Were I a polygamist, I'd wish to marry all these women.
In the year 2000, accompaniwed by Anne Adams Helms (daughter of Ansel Adams) and husband Ken, my wife and I spent a weekend in the Oxford home of Dr. Mike Weaver and his wife, Dr. Anne Hammond. At the time, Dr. Hammond had just completed her D. Phil. dissertation, a work on Ansel Adams, later published by Princeton University Press as Ansel Adams: Divine Performance. As a Professorial Fellow at Linacre College, Oxford Universitry, Mike has had a most dfistinguished career, teaching literature, film and photographic history.
Scholar, Intellectual, Humanitarian, Karine is also the great love of my life. This image was done recently, in May, 2020, to celebrate her 76th birthday.
Many years ago, my insightful primary care physician, Dr. Michael Smith, said very wise words: “We doctors know very little about nutrition, so I’m going to refer you to a wonderful nutritionist. Her name is Laura Knoff. I owe them both. When I first went to consult Laura, I was in really poor condition. Tests showed that my vitamin and mineral reserves were at a pathetically poor level. I also turned out to be resistant to dairy and gluten. Within a few months, there was a noticeable turnaround. Laura also gave me really wonderful advice on fats.
For all the years that I've taught photography, had my work exhibited and published, I've been followed by someone who has been both compimentary and naive, saying "I love your work. What kind of camera do you use?" My usual response is to say "Imagine saying something similar to a novelist. "Loved your book. What kind of word processing program did you use?" I'd like to reassure my wonderful women friends that such a statement is invariably uttered by a man. So here at long last is my answer. Good luck.
As a little boy walking on an Indian Ocean beach more that 70 years ago, I was told that if I held a larger concave seashell to my ear, I would hear the sound of the ocean. Unsurprisingly, I did, though I might have had the same effect from holding any vessel to my ear while strolling at the edge of the waves. Later, when a friend acquired a violin, I wondered whether the music played on that instrument would so permeate its being, that careful listening could detect those distant sounds.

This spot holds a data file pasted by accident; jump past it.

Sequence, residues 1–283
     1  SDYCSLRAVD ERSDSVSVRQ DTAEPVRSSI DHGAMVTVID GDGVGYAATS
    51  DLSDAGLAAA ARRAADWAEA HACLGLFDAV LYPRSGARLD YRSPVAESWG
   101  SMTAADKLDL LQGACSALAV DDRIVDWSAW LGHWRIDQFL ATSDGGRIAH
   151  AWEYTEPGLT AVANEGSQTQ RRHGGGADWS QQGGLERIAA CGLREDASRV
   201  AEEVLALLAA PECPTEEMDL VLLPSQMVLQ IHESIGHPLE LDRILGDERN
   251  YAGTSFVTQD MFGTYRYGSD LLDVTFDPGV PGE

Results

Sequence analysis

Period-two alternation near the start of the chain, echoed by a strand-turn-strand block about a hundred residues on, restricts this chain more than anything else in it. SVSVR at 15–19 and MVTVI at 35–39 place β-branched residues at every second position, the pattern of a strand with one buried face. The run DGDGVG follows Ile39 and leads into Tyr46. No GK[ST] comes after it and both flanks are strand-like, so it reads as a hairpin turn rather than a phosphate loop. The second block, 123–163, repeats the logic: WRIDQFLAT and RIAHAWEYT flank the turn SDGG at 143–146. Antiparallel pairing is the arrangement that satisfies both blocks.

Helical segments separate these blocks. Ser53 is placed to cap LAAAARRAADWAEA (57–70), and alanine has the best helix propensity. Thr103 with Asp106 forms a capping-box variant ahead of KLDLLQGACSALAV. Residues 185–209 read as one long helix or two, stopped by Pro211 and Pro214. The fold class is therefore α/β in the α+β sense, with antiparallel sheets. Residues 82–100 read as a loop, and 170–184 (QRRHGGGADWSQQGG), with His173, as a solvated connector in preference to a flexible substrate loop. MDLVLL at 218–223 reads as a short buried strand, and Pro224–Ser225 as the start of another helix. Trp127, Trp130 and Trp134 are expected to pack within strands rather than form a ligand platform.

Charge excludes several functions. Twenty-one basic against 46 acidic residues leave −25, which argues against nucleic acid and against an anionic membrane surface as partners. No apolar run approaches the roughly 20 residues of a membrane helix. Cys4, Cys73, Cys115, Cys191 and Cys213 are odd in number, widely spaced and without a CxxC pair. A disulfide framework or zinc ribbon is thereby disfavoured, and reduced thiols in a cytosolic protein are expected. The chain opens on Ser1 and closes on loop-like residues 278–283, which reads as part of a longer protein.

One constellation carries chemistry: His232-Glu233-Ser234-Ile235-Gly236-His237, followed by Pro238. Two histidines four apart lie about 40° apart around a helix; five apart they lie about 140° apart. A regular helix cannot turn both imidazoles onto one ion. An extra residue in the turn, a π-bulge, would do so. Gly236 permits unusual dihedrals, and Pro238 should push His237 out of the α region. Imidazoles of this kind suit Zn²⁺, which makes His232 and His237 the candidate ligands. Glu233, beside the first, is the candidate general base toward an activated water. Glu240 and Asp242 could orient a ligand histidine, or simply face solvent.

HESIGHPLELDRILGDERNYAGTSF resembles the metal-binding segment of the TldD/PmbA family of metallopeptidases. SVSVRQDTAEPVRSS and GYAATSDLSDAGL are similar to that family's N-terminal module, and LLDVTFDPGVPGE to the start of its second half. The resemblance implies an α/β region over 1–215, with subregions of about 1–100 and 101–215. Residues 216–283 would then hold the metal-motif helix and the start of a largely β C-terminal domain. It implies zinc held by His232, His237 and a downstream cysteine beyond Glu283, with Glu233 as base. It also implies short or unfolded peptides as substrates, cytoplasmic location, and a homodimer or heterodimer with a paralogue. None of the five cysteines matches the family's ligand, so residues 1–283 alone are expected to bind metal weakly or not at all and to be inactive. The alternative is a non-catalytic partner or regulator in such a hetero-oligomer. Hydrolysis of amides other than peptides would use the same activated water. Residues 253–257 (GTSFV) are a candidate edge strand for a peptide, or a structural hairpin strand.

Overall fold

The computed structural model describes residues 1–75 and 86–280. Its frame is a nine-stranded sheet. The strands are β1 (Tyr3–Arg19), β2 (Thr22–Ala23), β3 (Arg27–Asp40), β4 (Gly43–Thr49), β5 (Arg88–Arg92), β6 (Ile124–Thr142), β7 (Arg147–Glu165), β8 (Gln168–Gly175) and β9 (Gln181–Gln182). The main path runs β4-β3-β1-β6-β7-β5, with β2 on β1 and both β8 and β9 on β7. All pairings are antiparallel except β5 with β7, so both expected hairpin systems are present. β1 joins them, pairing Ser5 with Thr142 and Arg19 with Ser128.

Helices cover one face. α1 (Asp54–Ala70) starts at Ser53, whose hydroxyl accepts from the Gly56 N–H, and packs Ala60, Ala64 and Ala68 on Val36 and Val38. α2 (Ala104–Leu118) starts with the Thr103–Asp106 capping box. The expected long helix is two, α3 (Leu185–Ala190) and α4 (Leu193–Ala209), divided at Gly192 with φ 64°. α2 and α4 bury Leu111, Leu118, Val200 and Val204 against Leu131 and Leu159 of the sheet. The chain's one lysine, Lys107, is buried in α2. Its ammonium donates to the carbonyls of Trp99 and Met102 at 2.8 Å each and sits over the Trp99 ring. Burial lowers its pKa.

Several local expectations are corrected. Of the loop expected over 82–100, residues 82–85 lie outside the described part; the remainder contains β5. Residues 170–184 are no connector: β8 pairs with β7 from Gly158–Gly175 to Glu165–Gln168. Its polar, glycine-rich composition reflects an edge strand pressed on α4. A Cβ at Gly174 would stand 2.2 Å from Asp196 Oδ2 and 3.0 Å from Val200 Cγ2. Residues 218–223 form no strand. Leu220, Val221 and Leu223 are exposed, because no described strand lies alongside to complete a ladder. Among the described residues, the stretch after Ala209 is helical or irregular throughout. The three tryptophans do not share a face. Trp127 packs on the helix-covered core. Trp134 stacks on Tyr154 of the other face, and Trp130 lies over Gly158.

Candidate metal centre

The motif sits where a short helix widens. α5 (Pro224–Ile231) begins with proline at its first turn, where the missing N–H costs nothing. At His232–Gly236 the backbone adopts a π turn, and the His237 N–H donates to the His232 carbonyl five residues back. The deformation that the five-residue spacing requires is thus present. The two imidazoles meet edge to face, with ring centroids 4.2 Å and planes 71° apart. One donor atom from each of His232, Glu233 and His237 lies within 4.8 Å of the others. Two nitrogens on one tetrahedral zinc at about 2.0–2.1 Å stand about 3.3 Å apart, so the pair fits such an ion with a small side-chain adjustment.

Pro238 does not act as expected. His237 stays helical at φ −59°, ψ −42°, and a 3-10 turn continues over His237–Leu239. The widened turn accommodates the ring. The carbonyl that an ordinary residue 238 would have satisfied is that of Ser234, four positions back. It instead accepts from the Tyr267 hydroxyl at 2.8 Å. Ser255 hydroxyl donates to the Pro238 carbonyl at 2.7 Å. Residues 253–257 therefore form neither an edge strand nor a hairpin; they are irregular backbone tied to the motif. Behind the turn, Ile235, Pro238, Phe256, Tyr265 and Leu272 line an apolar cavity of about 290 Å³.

Karine came into my life over 32 years ago. She brought along her great intellect, a sense of humor and a deepy loving heart. We have a quite wonderful marriage. I live every day with the person I love and admire most.
About Five years ago I received an email message, commenting favorably on one of my articles, from Paul Sanders, former Picture Editor of The London Times. He also sent a link to his friend, Valda Bailey, who also wrote. For these past five years, Valda and I have been corresponding frequently and deeply about art and life, ambitions, family, travel, culture and just about everything else. This correspondence has been an important part of my life, and letters from Valda are always an occasion.
Our friend Vasudha Dalmia, pictured in front of a statuette of Saraswati, the Hindu Goddess of knowledge, art and music. The background is my photograph of the sheesh mahal (hall of mirrors) in the great fort of Amber, Rajasthan. See following portrait for bio information on the sitter.
Vasudha Dalmia was born into a family of major Indian industrialists. Having decided to be a scholar of literature and drama, she received her doctorate at the University of Tuebingen, Germany. She arrived in the San Francisco Bay Area to take up the position of Chair of the Department of South and Southeast Asia Studies at the University of California, Berkeley. During her years in Berkeley, she was a frequent guest in our home, having so much in common with my India scholar wife Karine.
Our dear friend Annie (Dr. Anne Hammond) came to visit from her Oxford home. She is a literary and art scholar married to another, Dr. Mike Weaver, Senior Fellow at Linacre College, Oxford University. At one time they were joint editors of the academic journal, History of Photography. I had the privilege of reading Annie's D. Phil (Oxon) dissertation: Ansel Adams: Divine Performance shortly before her graduation. Annie brought us a gift, a beautiful recording of Bach's Mass In B Minor conducted by John Eliot Gardiner.